Forums: » Register « |  Free Tools |  User CP |  Games |  Calendar |  Members |  FAQs |  Sitemap |  Support |

New Free Tools on Dev Shed!

#1
January 21st, 2013, 07:11 PM
 epanagio
Contributing User

Join Date: Nov 2003
Posts: 677
Time spent in forums: 1 Week 3 Days 15 h 34 m 48 sec
Reputation Power: 95
Conditional operator help

I am having a tough time understanding this "simple" conditional:
Quote:
 if ((row != 3) && (i != 9)) { alert('row is not 3 and i is not 9 '); } else alert('row: ' + row + ', i: ' + i);

When variable row equals to 3 and no matter what value variable i is then the if statement is not true.
The way I understand this I should get alert('row is not 3 and i is not 9 ') ONLY id row is 3 and variable i is nine.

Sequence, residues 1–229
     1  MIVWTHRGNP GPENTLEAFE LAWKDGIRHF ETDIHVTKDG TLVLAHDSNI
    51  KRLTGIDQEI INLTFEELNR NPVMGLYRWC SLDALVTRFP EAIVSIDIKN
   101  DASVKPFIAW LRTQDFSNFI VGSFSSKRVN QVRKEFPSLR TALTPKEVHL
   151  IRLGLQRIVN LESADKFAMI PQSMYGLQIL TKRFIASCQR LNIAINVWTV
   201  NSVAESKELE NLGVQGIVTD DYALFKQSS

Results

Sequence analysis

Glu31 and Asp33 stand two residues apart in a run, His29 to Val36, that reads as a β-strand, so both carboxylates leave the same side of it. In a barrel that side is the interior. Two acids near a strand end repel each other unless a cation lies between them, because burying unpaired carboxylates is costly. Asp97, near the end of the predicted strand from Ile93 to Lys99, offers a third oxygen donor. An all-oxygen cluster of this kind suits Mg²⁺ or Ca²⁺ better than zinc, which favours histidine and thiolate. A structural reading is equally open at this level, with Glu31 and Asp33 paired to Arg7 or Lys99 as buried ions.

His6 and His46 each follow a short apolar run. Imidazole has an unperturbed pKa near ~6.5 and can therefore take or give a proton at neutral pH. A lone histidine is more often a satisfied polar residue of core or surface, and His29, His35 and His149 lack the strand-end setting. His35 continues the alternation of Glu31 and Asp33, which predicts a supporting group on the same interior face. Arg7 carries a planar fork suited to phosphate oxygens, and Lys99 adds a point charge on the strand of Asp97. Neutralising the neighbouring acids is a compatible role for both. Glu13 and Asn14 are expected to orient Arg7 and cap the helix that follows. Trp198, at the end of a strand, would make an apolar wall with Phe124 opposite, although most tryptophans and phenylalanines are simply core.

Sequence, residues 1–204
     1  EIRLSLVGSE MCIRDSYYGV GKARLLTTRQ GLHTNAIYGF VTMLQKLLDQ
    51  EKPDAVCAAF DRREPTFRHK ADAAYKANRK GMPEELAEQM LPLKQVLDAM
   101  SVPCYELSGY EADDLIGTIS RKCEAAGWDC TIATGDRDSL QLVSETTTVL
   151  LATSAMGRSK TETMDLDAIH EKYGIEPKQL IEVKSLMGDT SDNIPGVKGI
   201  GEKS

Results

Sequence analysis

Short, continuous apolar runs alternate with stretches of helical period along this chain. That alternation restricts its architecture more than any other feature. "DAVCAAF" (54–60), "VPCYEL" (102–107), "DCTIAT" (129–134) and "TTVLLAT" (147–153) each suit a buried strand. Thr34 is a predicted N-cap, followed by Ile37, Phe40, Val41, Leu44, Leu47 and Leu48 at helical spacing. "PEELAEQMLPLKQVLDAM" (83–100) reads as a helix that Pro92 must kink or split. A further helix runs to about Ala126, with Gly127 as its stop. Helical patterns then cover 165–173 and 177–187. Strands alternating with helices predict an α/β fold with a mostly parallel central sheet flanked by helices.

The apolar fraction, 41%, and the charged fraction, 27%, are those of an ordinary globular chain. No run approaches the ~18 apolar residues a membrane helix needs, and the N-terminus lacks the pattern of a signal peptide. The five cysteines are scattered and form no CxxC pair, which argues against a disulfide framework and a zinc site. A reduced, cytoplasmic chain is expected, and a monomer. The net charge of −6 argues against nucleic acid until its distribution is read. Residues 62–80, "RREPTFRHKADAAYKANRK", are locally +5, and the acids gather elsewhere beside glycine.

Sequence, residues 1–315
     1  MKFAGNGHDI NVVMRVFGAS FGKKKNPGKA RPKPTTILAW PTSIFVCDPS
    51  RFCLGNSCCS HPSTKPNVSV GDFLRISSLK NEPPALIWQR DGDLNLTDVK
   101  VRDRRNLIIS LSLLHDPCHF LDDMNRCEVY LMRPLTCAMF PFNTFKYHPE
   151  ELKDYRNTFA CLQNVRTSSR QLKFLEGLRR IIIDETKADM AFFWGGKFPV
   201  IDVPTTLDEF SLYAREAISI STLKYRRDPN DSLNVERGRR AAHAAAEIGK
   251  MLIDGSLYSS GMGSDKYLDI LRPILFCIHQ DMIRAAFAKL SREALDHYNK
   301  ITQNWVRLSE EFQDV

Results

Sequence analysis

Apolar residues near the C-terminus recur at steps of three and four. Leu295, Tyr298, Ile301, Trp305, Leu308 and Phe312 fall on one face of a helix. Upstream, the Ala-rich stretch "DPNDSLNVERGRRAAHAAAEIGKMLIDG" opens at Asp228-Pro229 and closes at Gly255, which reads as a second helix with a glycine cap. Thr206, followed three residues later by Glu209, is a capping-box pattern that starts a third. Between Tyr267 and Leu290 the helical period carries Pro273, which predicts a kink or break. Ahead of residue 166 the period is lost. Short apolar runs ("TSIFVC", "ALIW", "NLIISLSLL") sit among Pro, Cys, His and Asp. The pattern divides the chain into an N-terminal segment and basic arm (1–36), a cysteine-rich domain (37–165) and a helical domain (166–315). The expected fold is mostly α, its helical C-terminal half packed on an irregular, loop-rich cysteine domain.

HELP!
__________________
Evan

#2
January 21st, 2013, 07:32 PM
 requinix
Forgetful

Join Date: Mar 2007
Location: Washington, USA
Posts: 13,469
Time spent in forums: 5 Months 2 Weeks 2 Days 3 h 58 m 3 sec
Reputation Power: 9259
No*: for the first branch to execute both "row is not 3" and "i is not 9" have to be true. The other branch will execute in the opposite case, namely if "row is not 3" is false or if "i is not 9" is false.
Once you've gotten a handle on that you can start simplifying the logic. Like getting rid of all those "is not"s in favor of just "is"s.

If "row is 3" then "row is not 3" is false and the second branch will execute.

* Everything else you said was right so I think that you typoed the "the way I understand this" statement.

Last edited by requinix : January 21st, 2013 at 07:35 PM.

#3
January 22nd, 2013, 10:49 AM
 ZWEI01
Registered User

Join Date: Jan 2013
Posts: 10
Time spent in forums: 5 h 54 m 13 sec
Reputation Power: 0
'!=' means NOT equal to.

Code:
```x = 10;
x != 10; //returns false             x == 10; //returns true

x = 9;
x != 10; //returns true```

MDN has really great JS resources.
https://developer.mozilla.org/en-US...gical_Operators

 Viewing: Dev Shed Forums > Web Design > JavaScript Development > Conditional operator help